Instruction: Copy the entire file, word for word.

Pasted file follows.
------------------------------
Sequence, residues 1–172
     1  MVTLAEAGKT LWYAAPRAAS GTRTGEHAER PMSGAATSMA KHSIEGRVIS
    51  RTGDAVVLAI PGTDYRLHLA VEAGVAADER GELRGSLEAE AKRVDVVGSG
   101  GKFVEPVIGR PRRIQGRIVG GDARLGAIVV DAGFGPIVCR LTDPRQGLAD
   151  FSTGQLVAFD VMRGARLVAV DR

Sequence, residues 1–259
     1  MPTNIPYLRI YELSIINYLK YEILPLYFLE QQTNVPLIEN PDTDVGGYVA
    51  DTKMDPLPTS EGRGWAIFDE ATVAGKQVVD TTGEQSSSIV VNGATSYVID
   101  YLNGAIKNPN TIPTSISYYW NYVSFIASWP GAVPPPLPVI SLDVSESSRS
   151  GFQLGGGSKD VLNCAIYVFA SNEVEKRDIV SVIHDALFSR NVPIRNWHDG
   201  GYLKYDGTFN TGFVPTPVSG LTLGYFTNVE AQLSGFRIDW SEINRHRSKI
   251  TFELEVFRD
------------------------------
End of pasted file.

Sequence, residues 1–172
     1  MVTLAEAGKT LWYAAPRAAS GTRTGEHAER PMSGAATSMA KHSIEGRVIS
    51  RTGDAVVLAI PGTDYRLHLA VEAGVAADER GELRGSLEAE AKRVDVVGSG
   101  GKFVEPVIGR PRRIQGRIVG GDARLGAIVV DAGFGPIVCR LTDPRQGLAD
   151  FSTGQLVAFD VMRGARLVAV DR

Sequence, residues 1–259
     1  MPTNIPYLRI YELSIINYLK YEILPLYFLE QQTNVPLIEN PDTDVGGYVA
    51  DTKMDPLPTS EGRGWAIFDE ATVAGKQVVD TTGEQSSSIV VNGATSYVID
   101  YLNGAIKNPN TIPTSISYYW NYVSFIASWP GAVPPPLPVI SLDVSESSRS
   151  GFQLGGGSKD VLNCAIYVFA SNEVEKRDIV SVIHDALFSR NVPIRNWHDG
   201  GYLKYDGTFN TGFVPTPVSG LTLGYFTNVE AQLSGFRIDW SEINRHRSKI
   251  TFELEVFRD